Alec Baldwin, others reach settlement with Halyna Hutchins’s family in ‘Rust’ lawsuit

The family of Halyna Hutchins, the cinematographer fatally shot on the “Rust” film set when a gun held by Alec Baldwin discharged a live round, reached a settlement with the actor, the film’s production companies and several members of the crew in a wrongful-death civil lawsuit, according to a statement from Rust Movie Productions.

While blocking a scene on the New Mexico set in October 2021, the prop revolver Baldwin was holding fired, killing Hutchins and injuring director Joel Souza. It is unclear why a live bullet was in the gun.

Details of the settlement remain confidential by court order. According to the statement, filming will resume in January with Matthew Hutchins, the late cinematographer’s husband, executive producing.

“I have no interest in engaging in recriminations or attribution of blame (to the producers or Mr. Baldwin),” Hutchins said in a statement. “All of us believe Halyna’s death was a terrible accident. I am grateful that the producers and the entertainment community have come together to pay tribute to Halyna’s final work.”

Souza said in a statement that his “every effort” on the film “will be devoted to honoring Halyna’s legacy and making it proud,” and described finishing the film as “a privilege.”

“Those of us who were lucky enough to have spent time with Halyna knew her to be exceedingly talented, kind, creative, and a source of incredible positive energy. I only wish the world had gotten to know her under different circumstances, as it surely would have through her amazing work,” Souza said. “In my own attempts to heal, any decision to return to finish directing the film could only make sense for me if it was done with the involvement of Matt and the Hutchins family.”

In February, Hutchins filed the civil suit on behalf of himself and his son, Andros Hutchins, against the film’s production companies, several members of the crew and Baldwin himself. They sought compensatory and punitive damages.

The suit argued that Baldwin “recklessly shot and killed” Hutchins, that the defendants “failed to perform industry standard safety checks and follow basic gun safety rules,” and that the production “[cut] corners on safety producers where human lives were at stake, rushing to stay on schedule and [ignored] numerous complaints of safety violations.”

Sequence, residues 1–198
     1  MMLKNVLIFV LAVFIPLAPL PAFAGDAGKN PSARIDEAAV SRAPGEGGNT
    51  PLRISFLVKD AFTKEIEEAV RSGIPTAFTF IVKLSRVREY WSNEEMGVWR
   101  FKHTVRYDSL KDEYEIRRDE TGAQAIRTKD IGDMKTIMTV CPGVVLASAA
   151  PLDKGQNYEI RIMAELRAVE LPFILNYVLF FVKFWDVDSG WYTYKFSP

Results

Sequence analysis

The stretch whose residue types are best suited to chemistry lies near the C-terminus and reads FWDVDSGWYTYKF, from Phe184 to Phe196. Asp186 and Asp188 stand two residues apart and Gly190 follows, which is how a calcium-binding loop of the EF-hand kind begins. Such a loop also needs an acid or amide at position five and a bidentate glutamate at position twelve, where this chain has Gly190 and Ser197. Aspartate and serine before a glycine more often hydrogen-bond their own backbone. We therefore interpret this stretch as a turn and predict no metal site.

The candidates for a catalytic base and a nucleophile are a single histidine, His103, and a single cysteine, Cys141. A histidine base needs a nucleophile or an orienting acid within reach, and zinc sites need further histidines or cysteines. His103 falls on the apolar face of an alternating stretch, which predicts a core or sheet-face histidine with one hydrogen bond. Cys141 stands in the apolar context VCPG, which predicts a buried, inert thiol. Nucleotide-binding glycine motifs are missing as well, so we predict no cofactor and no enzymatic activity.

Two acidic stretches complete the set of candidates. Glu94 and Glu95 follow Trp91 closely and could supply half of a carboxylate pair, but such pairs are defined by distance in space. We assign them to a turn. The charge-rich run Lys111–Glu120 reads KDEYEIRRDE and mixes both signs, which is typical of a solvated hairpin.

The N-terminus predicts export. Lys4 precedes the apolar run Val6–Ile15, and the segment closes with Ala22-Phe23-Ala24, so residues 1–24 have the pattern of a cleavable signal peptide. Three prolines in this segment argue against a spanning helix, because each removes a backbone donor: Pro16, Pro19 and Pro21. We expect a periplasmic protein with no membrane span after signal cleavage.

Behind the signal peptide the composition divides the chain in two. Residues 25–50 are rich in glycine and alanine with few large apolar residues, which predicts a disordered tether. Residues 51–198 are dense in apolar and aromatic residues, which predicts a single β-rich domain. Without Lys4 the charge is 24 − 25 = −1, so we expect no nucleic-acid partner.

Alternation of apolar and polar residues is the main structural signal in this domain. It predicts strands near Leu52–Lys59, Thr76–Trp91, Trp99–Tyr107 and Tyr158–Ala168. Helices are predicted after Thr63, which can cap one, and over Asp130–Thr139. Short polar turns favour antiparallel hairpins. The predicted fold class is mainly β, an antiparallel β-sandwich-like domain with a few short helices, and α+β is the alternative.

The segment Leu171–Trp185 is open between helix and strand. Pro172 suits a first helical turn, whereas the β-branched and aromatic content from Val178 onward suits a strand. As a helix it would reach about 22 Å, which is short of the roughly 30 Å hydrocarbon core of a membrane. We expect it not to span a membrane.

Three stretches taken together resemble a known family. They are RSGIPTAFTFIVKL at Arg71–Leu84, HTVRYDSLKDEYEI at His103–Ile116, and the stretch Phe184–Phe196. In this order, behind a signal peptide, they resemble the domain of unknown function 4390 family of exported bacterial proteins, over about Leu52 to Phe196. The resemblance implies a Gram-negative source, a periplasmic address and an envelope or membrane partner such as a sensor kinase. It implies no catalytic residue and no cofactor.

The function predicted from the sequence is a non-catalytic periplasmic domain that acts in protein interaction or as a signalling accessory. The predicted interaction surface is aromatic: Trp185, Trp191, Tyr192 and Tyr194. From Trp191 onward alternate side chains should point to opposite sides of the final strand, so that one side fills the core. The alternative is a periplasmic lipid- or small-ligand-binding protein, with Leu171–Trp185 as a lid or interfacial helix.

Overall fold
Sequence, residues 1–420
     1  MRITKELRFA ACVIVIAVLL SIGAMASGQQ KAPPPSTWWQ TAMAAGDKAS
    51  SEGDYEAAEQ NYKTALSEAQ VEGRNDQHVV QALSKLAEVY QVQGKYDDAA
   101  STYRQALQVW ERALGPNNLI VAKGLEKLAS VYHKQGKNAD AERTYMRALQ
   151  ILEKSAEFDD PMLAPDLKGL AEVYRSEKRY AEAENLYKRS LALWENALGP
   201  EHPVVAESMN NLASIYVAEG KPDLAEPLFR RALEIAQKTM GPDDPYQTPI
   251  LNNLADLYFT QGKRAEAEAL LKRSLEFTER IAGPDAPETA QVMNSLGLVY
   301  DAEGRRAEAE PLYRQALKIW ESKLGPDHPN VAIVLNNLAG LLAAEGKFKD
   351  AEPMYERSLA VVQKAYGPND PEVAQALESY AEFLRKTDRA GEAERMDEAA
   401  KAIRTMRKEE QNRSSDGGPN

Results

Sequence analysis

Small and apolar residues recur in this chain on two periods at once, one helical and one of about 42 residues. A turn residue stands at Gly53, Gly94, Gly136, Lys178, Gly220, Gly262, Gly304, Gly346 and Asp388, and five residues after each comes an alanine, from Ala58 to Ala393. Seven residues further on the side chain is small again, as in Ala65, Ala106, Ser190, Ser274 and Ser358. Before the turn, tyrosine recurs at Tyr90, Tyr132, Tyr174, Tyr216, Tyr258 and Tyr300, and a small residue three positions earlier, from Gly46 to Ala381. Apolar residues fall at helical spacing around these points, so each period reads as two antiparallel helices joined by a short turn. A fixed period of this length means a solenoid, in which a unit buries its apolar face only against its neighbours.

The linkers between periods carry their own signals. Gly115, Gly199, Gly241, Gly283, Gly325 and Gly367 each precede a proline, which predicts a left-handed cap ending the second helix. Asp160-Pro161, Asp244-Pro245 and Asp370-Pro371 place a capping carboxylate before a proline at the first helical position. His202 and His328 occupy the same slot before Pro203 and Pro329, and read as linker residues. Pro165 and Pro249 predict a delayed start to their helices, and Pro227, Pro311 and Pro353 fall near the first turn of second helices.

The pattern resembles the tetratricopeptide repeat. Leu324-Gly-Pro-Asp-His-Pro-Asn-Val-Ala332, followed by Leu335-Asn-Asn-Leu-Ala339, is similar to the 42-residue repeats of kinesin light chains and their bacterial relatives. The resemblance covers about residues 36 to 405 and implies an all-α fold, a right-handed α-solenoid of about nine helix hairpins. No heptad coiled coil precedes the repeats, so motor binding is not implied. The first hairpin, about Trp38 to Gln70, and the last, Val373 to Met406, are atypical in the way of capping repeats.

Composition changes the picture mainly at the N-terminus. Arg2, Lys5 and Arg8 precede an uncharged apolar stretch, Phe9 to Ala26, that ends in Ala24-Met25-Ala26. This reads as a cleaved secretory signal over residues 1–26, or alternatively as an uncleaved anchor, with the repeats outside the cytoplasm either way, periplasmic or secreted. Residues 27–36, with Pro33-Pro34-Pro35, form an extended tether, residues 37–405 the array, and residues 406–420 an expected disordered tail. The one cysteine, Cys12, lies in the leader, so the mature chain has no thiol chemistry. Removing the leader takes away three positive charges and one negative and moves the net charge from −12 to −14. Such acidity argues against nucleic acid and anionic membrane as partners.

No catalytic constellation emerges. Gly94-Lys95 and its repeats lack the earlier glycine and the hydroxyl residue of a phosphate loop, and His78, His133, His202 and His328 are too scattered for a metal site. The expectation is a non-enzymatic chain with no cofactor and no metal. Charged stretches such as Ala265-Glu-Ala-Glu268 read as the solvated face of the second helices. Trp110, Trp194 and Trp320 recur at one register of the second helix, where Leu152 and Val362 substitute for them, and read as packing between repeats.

In April, a report by the New Mexico Environment Department’s Occupational Health and Safety Bureau found the film’s crew violated safety rules and “demonstrated plain indifference to employee safety,” and Rust Movie Productions, LLC was fined nearly $137,000, the maximum amount allowed by New Mexico law.

“Our investigation found that this tragic incident never would have happened if Rust Movie Productions, LLC had followed national film industry standards for firearm safety,” James Kenney, New Mexico’s environment cabinet secretary, told CNN at the time. “This is a complete failure of the employer to follow recognized national protocols that keep employees safe.”

The settlement for the civil lawsuit, which is pending court approval, was one of several filed in the aftermath of the shooting. At the Boulder International Film Festival in March, Baldwin suggested the suits were motivated by money, though he didn’t specify which suits he meant. “What you have is a certain group of people, litigants and whatever, on whatever side, who their attitude is, ‘well the people who likely seem negligent have no money and the people who have money are not negligent,’ ” he said, according to CNN.

Baldwin, in particular, has taken to national media to repeatedly insist that he was not at fault for Hutchins’s death. Two months after the incident, he appeared on ABC News to say that though he cocked the gun, “The trigger wasn’t pulled. I didn’t pull the trigger.” The actor and producer said he felt “that someone is responsible for what happened, and I can’t say who that is, but I know it’s not me.”

“I would never point a gun at anyone and then pull the trigger, never,” he said, adding, “Someone put a live bullet in the gun, a bullet that wasn’t even supposed to be on the property.”

In August, FBI forensic reports were released suggesting the revolver would not have discharged without its trigger being pulled while the gun was cocked.

The Santa Fe County Sheriff’s Office investigation into the matter remains open.

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